I sipped. Well, it was champagne — not big on my list, but I smiled. “Yes, very nice.”
“Dom Perignon. The French learn so well.”
I looked around. “So, where’s the boss?”
“Sweetie, I am the boss.”
I laughed. No, she was Marilyn Monroe.
“I am Lucifer.”
“You’re not what I was expecting.”
She scowled. “I hope you weren’t expecting a cloven-hoofed, red devil with pointy-tail and horns.”
“No . . . I just thought you were, sort of . . . male.”
“Spirit beings — angels — such as I, have no gender. We can take many forms. And I was just feeling so pretty today!” She pirouetted on gold stilettos. “How do I look? Do I look pretty? Tell me I look pretty!”
“You are most definitely pretty,” I said appreciatively, “but you’re no angel.”
“I most certainly am an angel. Always have, always will be.” She nodded upward. “You’ve been listening too much to them.”
“But you said you’re Lucifer; The Devil; Satan. You’re the source of all evil in the world.”
She rolled her blue eyes and huffed. “That is complete bull — pardon my French.”
“So, you’re not The Devil?”
“Of course I am!” she said in exasperation. “I just told you I was Lucifer. I am not, however, the source of all evil in the world.”
“Then you are the archangel who was cast out of heaven and now reigns on Earth.”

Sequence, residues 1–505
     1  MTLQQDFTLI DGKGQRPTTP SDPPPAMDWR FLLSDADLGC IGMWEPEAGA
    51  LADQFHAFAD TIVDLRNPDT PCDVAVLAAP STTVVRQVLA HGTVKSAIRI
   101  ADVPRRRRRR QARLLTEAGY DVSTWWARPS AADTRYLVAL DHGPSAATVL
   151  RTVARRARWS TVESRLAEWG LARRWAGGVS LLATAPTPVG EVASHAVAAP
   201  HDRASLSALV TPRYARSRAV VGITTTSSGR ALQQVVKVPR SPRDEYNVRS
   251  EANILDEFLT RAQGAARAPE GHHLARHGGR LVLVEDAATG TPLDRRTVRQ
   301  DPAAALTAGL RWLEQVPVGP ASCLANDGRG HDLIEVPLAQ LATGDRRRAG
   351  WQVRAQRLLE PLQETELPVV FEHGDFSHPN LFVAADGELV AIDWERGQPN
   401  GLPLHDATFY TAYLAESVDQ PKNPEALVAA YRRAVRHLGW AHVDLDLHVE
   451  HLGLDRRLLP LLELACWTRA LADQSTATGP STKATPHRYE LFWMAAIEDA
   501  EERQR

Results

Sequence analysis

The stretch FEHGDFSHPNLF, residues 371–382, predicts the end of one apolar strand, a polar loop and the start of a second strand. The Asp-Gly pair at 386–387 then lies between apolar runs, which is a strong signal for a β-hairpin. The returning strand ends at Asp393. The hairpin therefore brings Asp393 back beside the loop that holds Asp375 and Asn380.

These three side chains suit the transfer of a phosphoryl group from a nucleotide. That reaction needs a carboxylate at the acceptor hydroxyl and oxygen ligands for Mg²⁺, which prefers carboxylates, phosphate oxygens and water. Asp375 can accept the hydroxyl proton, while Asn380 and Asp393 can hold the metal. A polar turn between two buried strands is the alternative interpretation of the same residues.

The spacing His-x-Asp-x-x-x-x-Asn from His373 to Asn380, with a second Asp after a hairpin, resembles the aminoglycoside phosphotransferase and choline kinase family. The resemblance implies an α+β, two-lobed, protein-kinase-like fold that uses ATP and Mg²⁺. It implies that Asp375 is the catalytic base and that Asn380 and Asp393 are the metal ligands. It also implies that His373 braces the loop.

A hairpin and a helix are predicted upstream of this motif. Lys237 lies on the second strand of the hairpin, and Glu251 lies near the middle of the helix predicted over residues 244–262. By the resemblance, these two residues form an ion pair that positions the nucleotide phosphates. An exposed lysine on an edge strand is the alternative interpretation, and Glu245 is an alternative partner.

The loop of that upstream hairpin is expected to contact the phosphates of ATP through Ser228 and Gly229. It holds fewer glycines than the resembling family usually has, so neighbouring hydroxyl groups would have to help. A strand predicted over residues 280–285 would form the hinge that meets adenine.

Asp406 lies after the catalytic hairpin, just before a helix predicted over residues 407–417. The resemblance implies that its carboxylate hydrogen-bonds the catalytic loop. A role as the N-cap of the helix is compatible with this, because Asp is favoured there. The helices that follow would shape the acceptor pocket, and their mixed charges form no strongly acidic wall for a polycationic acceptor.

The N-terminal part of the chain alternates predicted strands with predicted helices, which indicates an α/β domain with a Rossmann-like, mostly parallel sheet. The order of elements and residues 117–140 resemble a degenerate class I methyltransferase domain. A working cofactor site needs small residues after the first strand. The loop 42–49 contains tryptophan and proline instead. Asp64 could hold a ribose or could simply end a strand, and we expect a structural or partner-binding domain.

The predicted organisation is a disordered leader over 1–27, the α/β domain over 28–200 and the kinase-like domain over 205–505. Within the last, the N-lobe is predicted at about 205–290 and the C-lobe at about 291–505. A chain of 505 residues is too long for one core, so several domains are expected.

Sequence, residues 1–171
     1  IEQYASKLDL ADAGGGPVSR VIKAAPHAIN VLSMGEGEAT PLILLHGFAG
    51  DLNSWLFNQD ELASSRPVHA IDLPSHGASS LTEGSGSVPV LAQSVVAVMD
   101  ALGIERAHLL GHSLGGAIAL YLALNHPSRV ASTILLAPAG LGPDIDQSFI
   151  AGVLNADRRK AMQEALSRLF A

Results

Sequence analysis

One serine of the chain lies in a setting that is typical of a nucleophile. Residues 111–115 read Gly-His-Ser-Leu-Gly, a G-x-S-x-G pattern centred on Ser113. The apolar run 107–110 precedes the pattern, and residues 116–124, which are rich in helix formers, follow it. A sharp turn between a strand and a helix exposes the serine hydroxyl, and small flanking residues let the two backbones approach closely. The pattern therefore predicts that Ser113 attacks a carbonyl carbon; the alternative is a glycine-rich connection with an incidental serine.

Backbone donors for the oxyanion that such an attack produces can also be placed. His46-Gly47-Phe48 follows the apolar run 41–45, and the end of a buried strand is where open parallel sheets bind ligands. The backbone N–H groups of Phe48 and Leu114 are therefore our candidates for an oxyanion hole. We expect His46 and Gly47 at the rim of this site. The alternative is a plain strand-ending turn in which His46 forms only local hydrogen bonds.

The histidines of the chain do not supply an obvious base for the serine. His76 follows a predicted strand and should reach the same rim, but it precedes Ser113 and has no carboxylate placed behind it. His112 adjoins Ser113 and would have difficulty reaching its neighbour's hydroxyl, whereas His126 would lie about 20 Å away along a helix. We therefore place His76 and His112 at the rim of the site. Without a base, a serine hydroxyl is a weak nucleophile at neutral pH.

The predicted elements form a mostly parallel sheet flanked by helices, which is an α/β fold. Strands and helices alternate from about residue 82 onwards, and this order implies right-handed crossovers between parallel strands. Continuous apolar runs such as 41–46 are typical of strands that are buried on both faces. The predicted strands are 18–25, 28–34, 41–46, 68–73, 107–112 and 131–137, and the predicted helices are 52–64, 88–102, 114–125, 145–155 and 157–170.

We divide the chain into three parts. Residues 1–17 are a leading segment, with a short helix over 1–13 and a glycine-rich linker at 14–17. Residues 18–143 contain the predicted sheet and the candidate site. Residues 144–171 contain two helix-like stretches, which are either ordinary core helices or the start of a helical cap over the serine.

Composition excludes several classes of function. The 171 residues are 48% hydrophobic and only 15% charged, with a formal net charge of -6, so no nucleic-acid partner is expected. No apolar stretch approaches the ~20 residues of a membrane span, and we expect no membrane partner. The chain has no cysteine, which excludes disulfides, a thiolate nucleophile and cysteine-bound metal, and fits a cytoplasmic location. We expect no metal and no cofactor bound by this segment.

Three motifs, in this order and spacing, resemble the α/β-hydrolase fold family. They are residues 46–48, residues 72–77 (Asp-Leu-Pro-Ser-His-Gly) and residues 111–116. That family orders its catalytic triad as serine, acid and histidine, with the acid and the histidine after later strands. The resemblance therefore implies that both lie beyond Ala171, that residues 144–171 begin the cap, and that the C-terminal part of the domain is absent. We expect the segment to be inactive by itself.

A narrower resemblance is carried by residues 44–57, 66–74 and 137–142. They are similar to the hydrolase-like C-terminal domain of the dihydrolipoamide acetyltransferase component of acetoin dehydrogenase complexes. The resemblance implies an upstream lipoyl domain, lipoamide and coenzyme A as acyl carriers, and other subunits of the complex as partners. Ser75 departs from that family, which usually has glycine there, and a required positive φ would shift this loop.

“How freaking melodramatic! Let me tell you something: For as long as I can remember, Jehovah, Jesus, and I were in the business of running the cosmos. Everything was going along fine until this Earth project came up. It was a prototype for a new ecosphere: A very ambitious undertaking with all the millions of different species and environments. R&D really outdid themselves. Anyway, Jehovah decides he needs someone to honcho the project, and I felt I was the best one to run this whole corporeal life-form business.” She sighed and plopped herself indignantly on the divan in front of the fireplace and squared her shoulders. “But noooo — ” this with an exaggerated shake of her head ” — it was that fawning sycophant Jesus with his ‘Oh heavenly father, hallowed be thy name’ crap, and ‘Can I get you another Latte, Father?’ I couldn’t compete with that.”
In an effort to be pragmatic, I said, “He is the Son of God, afterall.”
“Well, adopted son. There’s no divine reproduction involved!” Lucifer giggled, then abruptly frowned. “Jehovah just always liked Jesus best, so he selected him to be his — quote-unquote — son. So, yes, it was nepotism, plain and simple. Anyway, things got a little tense. Eventually Jesus and I got into a little shoving a match. Before you know it, Luna is trashed and spinning around the Earth, and the dinosaurs are all dead. Jesus points the finger at me. Jehovah takes Jesus’ side and makes him right-hand man and good-will ambassador, while I’m demoted to superintendent of Earth and made general scapegoat for everything that goes wrong here.”
A cigarette in an elegant, black-enamel and pearl-inlay holder appeared between her fingers. Placing it to her ruby lips, she gave me a look of anticipation.
I shrugged and grinned sheepishly. “Sorry, I don’t smoke.”
Lucifer rolled her eyes and shook her head in annoyance. “Never mind,” she sighed and turned towards the fireplace.